The future of Britain within this evolving super-state began to be debated back in the late 1990’s when Peter and Christopher Hitchens tackled the motion ‘Should Britain be abolished?’. This debate naturally brought many subsequent questions to the fore but amidst this, the brothers produced two opposite yet equally compelling views on the EU of the time. Peter Hitchens established that the EU was simply ‘the continuation of Germany by other means’ whilst his brother argued that if Britain were to leave the EU it would achieve only the ‘Serbianisation’ of itself from mainland Europe. By this Christopher Hitchens was pointing to the state of flux which had recently emerged in the Balkans, as a lesson to European nations in the importance of preventing collapses in cross-ethnic social cohesion through the valuing and maintaining of the EU.

His point remains the most compelling I have heard – yet time has revealed it to be outdated. Whilst it is true; we often forget that the ethnic groups within Europe do not necessarily identify with one another as readily as they identify with the continent itself, Britain is not as similar to the case of Serbia as Hitchens’ hyperbole would have you believe. We are not as ethnically at odds with our neighbours as Serbia was with Bosnia or Croatia. On the contrary, it is Britain alone in the EU, which has championed a culturally and ethnically diverse society over recent years. An independent Britain could therefore be capable of an independent future, free from cultural isolation and an agenda which was not designed with the future of the British people in mind.

As a nation we must now accept the uncomfortable truth: a Union which originally set out to protect Europe from itself, now threatens to engulf us in conflict once more. With the EU’s eastward expansion already manifesting in the Russian annexation of the Crimea, the promise of security within the EU becomes an ever more tenuous concept to digest. Outside of this unit, Britain could retain its security in the UN, NATO, the G20, the G7 Forum and the World Trade Organisation among others. Ultimately Brexit would undermine the EU’s dangerous direction, constituting a productive effect on the EU of a scale which could never be enacted from within. Above all, our departure would have meaning. To vote OUT is to vote for an exhibition of sovereign power – a message to all nations that a states’ future is its own. Brexit would not finish the EU, but it would force a profound and positive change in the European, and indeed the global, status quo.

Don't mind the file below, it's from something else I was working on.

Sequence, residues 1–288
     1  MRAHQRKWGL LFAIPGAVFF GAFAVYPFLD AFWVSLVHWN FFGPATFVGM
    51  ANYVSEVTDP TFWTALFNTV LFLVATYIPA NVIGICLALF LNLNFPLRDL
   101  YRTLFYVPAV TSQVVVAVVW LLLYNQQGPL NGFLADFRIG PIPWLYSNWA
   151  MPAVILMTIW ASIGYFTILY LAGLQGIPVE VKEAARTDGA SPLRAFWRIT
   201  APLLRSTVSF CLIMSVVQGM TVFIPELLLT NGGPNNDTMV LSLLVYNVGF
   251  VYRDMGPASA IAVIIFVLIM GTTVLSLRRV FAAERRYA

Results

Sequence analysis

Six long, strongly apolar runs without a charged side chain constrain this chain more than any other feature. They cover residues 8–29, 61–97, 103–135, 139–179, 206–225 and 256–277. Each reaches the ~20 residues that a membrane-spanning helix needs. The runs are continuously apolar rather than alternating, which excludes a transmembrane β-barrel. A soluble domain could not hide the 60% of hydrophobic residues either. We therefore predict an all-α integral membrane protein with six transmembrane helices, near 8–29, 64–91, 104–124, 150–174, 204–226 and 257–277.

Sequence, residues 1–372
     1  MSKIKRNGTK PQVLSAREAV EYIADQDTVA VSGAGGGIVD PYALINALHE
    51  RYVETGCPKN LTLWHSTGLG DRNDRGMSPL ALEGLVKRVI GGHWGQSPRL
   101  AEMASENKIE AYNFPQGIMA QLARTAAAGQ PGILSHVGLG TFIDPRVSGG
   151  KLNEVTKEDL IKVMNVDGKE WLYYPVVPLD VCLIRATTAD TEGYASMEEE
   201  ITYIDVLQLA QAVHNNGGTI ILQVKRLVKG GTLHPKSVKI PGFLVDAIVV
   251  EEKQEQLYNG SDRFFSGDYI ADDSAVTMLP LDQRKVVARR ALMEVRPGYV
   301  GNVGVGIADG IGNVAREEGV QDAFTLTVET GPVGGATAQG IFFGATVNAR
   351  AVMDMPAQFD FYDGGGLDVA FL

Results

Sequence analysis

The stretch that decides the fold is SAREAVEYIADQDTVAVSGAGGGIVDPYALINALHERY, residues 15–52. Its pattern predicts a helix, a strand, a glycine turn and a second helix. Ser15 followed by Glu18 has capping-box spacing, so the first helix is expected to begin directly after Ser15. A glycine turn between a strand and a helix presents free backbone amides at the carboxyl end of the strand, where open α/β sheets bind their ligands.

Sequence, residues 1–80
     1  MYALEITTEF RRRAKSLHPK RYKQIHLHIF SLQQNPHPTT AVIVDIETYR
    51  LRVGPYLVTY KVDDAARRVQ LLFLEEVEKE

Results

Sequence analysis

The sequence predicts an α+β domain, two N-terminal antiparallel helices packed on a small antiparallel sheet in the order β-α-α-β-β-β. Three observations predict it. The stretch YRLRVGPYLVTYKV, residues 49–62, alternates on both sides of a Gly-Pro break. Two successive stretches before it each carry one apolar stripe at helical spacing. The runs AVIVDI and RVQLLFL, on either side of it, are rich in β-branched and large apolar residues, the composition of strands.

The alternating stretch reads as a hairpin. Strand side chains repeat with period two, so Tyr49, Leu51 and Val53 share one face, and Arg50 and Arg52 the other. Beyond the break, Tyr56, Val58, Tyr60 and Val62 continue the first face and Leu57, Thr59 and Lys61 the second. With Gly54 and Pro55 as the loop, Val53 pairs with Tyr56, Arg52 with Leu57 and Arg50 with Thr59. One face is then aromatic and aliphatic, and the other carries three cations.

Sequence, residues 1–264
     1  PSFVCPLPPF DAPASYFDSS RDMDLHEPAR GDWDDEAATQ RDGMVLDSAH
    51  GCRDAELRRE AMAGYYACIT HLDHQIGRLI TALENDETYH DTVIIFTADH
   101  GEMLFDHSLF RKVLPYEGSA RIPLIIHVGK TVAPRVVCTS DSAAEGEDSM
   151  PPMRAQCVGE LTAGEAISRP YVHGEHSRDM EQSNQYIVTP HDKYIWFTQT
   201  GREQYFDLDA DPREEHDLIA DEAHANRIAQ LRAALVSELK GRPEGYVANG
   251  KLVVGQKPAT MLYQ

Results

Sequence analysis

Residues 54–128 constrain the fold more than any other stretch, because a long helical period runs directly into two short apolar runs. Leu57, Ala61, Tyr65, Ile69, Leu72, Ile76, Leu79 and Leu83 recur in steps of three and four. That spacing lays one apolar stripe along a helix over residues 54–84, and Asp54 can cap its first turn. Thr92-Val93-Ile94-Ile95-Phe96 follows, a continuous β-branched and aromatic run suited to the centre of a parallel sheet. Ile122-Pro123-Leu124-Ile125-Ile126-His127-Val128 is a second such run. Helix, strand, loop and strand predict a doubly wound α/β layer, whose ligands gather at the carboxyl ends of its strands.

It’s the innate nihilism within the EU’s vision which scares me, it’s the willingness to export our freedom. Every day our society marries with increasing accuracy to the Orwellian image and in many cases, we are told that our freedom is a worthy price to pay. The result of which should be obvious – in every vote to remain ‘IN’ the EU is the active trivialisation of our freedom, the direct decapitation of our sovereignty. Only by choosing to follow this trivialising narrative will you see it become true, but through such masochism, we shall come to be ruled by sadists. If nothing else, the past few months have taught me that in securing our future we must cultivate an uncompromising atmosphere, and when the day comes, we must fight for it in the hands of every British voter.

Jack Adshead

Image courtesy of Reuters/Dylan Martinez